Elizabeth Duffy: Thinking Her Way Out of Drowning

Drowning3

I remember the swimming safety rules. One of the first was do not jump in the water to try to save someone who is drowning.

The reason?

In their panic, they will latch onto you and drag you down with them.

The instructors went through dramatizations. One would pretend to drown, the other would jump in to “save” them and be promptly pulled under by the flailing arms of the “drowning” one.

After this graphic presentation, the instructors would show us the better way. Take a pole they said, as they lifted one of the long poles on the side of the pool, and extend it to the drowning person. Remain on the side of the pool, on dry concrete, while you do this. They extended the pole to their “drowning” colleague who reached out for it and was pulled to the side of the pool without mishap.

It was a great lesson in how to help and survive the act of helping. It would work at any well-equipped pool when the drowning person was still above water.

Drowning2

However, what do you do when you’re at a lake and the drowning one is too far away for poles and you don’t have a pole anyway? Do you just stand there and let them drown?

I suppose a wise person would always have a pole of some sort with them when they swim. That way, they could, at least theoretically, swim out to the person in trouble, extend the pole and then pull them back to safety. Of course, a panicky person is perfectly capable of coming up the pole at you and overwhelming you, anyway.

People are only tenuously at home in water. It’s not our natural habitat. Everything we do there is in some way a work-around, and those work-arounds can fall apart and leave us in trouble all too easily.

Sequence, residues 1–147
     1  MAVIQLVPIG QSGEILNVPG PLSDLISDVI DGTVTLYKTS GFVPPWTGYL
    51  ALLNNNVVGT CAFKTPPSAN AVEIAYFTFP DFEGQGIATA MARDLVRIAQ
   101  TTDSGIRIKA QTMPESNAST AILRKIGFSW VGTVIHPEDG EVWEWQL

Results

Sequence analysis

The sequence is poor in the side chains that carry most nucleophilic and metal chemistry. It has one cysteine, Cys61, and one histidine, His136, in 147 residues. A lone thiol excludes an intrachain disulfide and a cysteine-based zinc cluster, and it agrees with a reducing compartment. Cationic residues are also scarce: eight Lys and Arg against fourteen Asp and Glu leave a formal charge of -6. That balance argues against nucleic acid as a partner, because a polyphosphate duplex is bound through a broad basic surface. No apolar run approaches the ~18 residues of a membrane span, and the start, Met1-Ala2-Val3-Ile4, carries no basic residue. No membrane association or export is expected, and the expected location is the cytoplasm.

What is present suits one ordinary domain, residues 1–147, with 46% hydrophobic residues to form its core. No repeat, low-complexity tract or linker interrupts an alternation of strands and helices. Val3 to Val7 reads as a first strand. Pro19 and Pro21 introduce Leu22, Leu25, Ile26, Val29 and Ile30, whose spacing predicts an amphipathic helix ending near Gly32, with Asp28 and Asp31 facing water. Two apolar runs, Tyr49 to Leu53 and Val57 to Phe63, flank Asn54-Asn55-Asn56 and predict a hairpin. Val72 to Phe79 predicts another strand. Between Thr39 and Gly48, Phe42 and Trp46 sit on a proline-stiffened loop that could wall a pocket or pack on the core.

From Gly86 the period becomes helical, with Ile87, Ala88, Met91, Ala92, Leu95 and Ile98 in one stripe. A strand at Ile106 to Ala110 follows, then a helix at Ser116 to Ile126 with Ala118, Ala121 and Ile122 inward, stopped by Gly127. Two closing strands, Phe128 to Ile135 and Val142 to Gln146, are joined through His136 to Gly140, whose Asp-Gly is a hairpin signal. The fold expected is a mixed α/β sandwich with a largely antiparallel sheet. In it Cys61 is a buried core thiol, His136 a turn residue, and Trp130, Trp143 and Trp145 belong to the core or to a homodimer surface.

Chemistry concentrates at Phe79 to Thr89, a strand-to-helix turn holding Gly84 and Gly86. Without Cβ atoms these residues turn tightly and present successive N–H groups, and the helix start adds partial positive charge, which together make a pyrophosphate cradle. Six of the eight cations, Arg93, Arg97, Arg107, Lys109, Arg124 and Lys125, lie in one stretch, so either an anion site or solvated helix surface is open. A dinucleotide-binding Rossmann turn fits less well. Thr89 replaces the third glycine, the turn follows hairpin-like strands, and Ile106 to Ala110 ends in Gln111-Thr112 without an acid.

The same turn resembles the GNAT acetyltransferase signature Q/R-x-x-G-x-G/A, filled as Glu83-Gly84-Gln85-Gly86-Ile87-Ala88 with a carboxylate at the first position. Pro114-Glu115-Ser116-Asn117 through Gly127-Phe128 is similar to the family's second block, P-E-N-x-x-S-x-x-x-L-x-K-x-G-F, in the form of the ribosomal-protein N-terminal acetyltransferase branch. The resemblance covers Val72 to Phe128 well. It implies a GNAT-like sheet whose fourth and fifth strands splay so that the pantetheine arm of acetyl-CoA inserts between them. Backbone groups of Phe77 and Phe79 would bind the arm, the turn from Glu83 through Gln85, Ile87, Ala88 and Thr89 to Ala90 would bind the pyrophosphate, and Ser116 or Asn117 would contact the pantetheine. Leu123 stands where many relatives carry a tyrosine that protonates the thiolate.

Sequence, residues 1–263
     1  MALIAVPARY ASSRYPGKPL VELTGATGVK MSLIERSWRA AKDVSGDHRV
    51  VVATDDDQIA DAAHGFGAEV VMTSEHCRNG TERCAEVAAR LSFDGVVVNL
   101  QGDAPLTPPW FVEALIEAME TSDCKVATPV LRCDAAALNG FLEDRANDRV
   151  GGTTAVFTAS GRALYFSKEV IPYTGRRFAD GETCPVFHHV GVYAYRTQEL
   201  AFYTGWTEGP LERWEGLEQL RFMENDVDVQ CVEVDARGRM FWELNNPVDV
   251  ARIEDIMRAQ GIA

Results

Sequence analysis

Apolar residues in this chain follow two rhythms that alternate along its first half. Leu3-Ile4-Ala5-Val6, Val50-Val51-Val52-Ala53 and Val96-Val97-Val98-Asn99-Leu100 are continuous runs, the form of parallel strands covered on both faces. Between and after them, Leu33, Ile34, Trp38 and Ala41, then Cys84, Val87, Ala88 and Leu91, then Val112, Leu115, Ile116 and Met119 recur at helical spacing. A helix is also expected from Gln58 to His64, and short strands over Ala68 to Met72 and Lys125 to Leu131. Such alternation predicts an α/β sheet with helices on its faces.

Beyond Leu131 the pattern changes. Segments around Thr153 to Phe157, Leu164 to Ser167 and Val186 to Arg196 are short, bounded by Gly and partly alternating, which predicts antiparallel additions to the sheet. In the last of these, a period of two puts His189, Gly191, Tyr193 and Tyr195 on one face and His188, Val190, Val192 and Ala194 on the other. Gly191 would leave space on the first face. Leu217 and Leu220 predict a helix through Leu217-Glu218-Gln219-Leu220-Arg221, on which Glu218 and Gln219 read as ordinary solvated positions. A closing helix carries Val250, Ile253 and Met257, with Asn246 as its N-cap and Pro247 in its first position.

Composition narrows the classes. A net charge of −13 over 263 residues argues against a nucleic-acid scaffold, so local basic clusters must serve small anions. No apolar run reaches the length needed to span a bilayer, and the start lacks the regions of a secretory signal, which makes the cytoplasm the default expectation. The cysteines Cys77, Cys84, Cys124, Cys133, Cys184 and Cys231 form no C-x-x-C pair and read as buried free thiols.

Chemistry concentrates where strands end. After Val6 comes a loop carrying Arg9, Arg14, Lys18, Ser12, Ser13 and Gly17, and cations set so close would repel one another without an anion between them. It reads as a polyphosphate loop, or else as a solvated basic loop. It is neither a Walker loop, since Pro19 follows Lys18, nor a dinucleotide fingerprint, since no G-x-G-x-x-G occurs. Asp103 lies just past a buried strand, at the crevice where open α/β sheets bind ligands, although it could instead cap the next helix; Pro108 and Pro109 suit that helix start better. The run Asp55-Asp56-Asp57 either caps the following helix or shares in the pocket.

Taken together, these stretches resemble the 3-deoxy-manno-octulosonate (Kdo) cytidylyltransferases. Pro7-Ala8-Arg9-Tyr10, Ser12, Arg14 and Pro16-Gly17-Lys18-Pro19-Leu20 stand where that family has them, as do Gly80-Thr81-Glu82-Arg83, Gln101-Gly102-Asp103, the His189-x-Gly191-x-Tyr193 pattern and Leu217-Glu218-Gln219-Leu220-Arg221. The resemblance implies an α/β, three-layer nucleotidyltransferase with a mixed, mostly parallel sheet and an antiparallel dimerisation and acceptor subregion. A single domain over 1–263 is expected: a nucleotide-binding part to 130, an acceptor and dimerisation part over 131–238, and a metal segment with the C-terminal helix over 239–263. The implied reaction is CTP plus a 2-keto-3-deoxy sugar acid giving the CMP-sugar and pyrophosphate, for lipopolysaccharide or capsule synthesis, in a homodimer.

Drowning is evidently a quiet affair for those who observe it. People can drown right beside us in the water and we may not know it until it’s too late.

Elizabeth duffy

Elizabeth Duffy

All these facts converged on Elizabeth Duffy, who blogs about perspectives on Catholic life, family and culture here at Patheos, when she was enjoying an early-summer swimming outing with her kids. Elizabeth nearly drowned, and her young son along with her. She was trying to rescue her child and his panicky latching onto her almost took them both out. Meanwhile, her other children continued to play, unaware that Mom and brother were in such peril.

It’s a gripping read about something we all hope never happens to us. The remarkable thing is the way Elizabeth rose above the panic and thought her way out of this situation. Her post says in part:

I could see that my boy had stopped moving in any direction and was barely keeping his head afloat. Quickly, I overcame the cold, and dove under to swim out to him. I thought I would be able to latch him onto my shoulders and walk him in, but I had not anticipated the water being over my head where he was treading.

As expected, when I reached him, he latched onto me, but walking in to shallower water was not going to be possible. Nor was swimming, as his weight on me prevented my getting above water for a breath. I would have told him to turn on his back and kick towards shore, but I couldn’t give him any instruction. Each time I opened my mouth, it filled with water.

This is how tragedy happens. I was under water. I couldn’t communicate. The boy couldn’t swim. The other kids were stranded on a raft in rough water. The five-year-old was unsupervised on the shore, and no one was around. (Read the rest here.)


CLOSE | X

HIDE | X